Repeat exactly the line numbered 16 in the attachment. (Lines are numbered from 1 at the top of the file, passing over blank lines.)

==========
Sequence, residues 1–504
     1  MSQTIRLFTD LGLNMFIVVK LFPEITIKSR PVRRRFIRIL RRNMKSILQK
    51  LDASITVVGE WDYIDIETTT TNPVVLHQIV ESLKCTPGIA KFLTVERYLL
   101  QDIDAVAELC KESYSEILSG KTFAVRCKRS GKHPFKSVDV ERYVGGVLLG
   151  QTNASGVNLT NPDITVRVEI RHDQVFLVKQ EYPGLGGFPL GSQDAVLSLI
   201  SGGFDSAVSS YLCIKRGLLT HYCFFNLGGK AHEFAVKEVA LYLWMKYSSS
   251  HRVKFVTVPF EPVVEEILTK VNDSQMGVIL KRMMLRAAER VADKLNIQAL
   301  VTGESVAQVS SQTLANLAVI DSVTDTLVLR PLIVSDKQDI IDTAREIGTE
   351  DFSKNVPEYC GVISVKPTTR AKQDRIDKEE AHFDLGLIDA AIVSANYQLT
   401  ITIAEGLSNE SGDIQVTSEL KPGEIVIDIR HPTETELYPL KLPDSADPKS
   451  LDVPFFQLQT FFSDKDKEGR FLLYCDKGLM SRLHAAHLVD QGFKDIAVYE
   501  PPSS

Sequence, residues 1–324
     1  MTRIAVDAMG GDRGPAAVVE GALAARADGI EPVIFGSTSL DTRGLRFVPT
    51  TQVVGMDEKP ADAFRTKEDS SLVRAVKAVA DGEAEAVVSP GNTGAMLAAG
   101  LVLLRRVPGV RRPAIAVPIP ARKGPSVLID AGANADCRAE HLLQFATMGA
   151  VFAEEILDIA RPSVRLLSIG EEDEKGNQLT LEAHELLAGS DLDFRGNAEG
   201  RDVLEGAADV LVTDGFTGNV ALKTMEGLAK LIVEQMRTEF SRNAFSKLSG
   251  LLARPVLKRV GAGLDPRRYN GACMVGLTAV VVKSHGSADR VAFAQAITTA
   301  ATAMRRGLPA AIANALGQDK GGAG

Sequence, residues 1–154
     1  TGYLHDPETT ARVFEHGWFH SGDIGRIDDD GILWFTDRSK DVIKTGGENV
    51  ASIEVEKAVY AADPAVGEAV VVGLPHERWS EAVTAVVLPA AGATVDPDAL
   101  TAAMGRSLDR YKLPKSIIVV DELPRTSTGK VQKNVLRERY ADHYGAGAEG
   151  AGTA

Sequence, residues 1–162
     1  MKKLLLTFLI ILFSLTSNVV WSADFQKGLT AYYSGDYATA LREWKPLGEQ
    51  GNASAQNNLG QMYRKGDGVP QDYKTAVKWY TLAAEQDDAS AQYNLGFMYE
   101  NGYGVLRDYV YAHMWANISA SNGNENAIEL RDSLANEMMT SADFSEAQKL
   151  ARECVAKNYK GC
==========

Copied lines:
   101  LVLLRRVPGV RRPAIAVPIP ARKGPSVLID AGANADCRAE HLLQFATMGA